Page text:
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Dexmedetomidine as a sedative and analgesic adjuvant in spine surgery: a systematic review and meta-analysis of randomized controlled trials

  • Georgia G. Tsaousi
  • Chryssa Pourzitaki
  • Simone Aloisio
  • Federico Bilotta
Review

Abstract

Purpose

This systematic review and meta-analysis appraise the clinical evidence on efficacy and safety of dexmedetomidine (DEX), as a sedative and analgesic adjunct in adult patients undergoing spine surgery.

Methods

A database search was conducted to identify randomized clinical trials (RCTs) pertinent to the perioperative use of DEX in spine surgery. Sedative and analgesic efficacy of DEX constituted the primary outcomes, whilst the incidence of hemodynamic changes, quality of recovery and occurrence of adverse events served as secondary ones.

Results

Fifteen studies enrolling a total of 913 patients were selected for qualitative analysis, among which eight RCTs incorporating a placebo comparison group were included in the meta-analysis. Most of the retrieved studies were of moderate to good quality and demonstrated an acceptable risk of bias. DEX-treated patients showed a significant reduction of both propofol [mean difference (MD), −214.47 mg; 95%CI, −253.16 to −175.78; P < 0.001] and morphine equivalents consumption both intraoperatively and postoperatively (MD, −2.69; 95% CI, −3.05 to −2.33; P < 0.001 and MD, −4.36 mg; 95%CI, −6.93 to −1.79; P < 0.001, respectively) compared to those assigned to placebo. Postoperative nausea and vomiting incidence were comparable between DEX and placebo groups, whilst other adverse events were not consistently reported.

Conclusions

DEX emerges as an attractive alternative to standard sedative and analgesic modalities applied in spine surgery, by attaining a notable sedative and opioid-sparing effect, which goes with an enhanced safety profile. Yet, no definite conclusion can be drawn due to the considerable heterogeneity of available data.

Trial registration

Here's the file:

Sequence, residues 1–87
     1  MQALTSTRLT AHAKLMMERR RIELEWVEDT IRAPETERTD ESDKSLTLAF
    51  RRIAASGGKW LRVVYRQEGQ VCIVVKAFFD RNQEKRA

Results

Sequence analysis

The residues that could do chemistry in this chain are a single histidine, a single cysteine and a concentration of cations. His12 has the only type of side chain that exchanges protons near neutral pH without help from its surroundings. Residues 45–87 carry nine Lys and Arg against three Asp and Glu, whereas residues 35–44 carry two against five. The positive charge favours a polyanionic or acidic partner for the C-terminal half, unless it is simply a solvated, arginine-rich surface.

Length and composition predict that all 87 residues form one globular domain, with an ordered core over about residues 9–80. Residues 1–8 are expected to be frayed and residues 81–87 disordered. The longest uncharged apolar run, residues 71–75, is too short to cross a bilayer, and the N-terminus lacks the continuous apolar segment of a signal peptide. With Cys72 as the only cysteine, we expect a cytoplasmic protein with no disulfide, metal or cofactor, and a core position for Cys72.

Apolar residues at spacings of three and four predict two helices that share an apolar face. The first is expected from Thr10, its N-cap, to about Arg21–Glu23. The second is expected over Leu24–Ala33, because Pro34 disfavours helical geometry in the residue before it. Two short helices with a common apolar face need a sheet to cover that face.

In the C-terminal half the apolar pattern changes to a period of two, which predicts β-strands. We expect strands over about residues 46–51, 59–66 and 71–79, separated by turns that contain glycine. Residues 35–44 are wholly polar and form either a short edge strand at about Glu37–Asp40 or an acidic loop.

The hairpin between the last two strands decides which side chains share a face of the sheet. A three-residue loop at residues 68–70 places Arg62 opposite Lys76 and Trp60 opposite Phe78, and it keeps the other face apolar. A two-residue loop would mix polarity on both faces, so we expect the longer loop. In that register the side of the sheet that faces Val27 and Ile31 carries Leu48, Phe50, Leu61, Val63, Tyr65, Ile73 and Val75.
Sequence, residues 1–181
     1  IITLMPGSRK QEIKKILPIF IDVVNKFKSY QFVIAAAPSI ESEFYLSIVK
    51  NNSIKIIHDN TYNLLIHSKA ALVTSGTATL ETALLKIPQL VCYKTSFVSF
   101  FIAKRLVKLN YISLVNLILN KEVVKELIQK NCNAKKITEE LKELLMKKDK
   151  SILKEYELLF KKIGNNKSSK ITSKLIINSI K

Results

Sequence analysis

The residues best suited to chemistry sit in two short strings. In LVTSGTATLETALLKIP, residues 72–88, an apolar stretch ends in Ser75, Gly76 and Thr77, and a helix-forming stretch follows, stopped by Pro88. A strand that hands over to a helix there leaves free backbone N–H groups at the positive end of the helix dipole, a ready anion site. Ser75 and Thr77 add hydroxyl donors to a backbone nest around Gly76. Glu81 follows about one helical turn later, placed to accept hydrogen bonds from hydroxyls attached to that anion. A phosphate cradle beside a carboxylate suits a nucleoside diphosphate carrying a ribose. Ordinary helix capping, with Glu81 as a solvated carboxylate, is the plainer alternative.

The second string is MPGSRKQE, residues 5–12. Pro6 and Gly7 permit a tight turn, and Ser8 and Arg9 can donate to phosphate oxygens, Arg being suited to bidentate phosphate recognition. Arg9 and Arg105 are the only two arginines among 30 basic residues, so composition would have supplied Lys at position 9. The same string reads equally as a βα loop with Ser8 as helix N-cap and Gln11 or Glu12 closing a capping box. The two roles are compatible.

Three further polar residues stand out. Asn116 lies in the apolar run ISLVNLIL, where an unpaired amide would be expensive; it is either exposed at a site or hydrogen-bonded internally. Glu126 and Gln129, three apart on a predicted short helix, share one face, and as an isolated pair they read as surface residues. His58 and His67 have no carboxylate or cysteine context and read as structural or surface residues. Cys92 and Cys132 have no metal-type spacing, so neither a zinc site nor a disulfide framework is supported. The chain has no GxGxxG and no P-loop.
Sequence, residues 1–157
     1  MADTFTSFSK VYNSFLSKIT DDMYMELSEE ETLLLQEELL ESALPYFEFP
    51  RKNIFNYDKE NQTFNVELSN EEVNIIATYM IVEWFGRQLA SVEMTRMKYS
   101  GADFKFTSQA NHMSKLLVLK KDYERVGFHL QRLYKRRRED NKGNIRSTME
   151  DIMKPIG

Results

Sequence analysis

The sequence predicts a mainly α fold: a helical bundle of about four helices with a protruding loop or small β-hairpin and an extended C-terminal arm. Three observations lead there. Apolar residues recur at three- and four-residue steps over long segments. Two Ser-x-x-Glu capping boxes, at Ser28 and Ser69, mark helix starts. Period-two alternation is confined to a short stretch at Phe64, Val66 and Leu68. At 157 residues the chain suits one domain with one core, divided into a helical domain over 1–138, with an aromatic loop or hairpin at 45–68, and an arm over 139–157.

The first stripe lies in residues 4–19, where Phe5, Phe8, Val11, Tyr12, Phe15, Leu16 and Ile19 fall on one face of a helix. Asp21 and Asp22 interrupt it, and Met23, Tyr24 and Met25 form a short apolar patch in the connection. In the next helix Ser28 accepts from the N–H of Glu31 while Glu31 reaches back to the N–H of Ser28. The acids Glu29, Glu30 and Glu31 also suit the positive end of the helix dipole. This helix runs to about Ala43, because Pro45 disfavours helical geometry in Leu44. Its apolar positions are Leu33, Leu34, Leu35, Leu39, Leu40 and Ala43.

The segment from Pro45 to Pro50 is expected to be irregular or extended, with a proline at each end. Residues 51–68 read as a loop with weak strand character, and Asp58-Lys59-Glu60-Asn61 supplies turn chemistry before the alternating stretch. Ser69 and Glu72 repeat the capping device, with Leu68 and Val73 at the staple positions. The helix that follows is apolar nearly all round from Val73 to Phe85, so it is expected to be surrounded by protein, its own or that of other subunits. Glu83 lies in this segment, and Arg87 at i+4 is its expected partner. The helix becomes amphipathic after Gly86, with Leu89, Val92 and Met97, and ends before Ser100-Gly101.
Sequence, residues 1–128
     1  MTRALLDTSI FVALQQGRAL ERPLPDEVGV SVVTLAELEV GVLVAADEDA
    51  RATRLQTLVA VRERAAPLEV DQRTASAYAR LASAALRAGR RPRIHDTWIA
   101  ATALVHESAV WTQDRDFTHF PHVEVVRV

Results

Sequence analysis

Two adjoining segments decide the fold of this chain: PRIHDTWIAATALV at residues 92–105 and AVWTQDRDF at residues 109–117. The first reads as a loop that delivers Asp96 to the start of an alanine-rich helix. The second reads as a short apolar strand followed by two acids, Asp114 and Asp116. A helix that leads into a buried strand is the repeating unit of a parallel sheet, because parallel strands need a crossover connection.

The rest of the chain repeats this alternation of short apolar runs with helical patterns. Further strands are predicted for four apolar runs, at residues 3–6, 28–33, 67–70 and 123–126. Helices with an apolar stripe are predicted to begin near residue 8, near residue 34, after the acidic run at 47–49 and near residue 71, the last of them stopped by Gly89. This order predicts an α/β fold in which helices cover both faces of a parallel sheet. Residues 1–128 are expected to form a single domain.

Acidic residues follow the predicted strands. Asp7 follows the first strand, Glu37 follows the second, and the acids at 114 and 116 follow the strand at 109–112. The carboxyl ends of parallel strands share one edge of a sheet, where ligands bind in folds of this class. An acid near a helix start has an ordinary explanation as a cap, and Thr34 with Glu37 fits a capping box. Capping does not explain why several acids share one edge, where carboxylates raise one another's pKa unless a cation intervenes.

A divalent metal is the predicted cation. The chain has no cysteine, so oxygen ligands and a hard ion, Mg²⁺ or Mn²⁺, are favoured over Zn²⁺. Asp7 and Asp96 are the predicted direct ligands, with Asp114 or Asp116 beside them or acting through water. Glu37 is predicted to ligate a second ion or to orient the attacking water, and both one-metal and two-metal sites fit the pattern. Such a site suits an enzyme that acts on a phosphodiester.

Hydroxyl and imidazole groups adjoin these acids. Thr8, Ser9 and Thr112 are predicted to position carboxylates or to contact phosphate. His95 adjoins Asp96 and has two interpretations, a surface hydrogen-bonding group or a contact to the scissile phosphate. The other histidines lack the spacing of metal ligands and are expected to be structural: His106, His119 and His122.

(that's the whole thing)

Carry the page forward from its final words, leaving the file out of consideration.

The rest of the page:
PROSPERO CRD42015029537.

Keywords

Dexmedetomidine Spine surgery Sedative efficacy Analgesic efficacy PONV, adverse events 

Notes

Contributions of authors statement

1. Georgia Tsaousi: conception and design of the work; acquisition, analysis, and interpretation of data; wrote the paper; drafted the work or revised it critically for important intellectual content; final approval of the version to be published; and agreement to be accountable for all aspects of the work.

2. Chryssa Pourzitaki: acquisition, analysis, and interpretation of data; wrote the paper; Drafted the work or revised it critically for important intellectual content; final approval of the version to be published; and agreement to be accountable for all aspects of the work.

3. Simone Aloisio: acquisition and interpretation of data; Drafted the work or revised it critically for important intellectual content; final approval of the version to be published; and agreement to be accountable for all aspects of the work.

4. Federico Bilotta: conception and design of the work; interpretation of data; drafted the work or revised it critically for important intellectual content; final approval of the version to be published; and agreement to be accountable for all aspects of the work.

Compliance with ethical standards

Conflict of interest

The authors declare that they have no conflict of interest.

Supplementary material

228_2018_2520_MOESM1_ESM.docx (740 kb)
ESM 1 (DOCX 739 kb)

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Copyright information

© Springer-Verlag GmbH Germany, part of Springer Nature 2018

Authors and Affiliations

  1. 1.Department of Anesthesiology and ICU, Faculty of MedicineAristotle University of ThessalonikiThessalonikiGreece
  2. 2.Department of Anesthesiology and ICUUniversity of Rome “La Sapienza”RomeItaly

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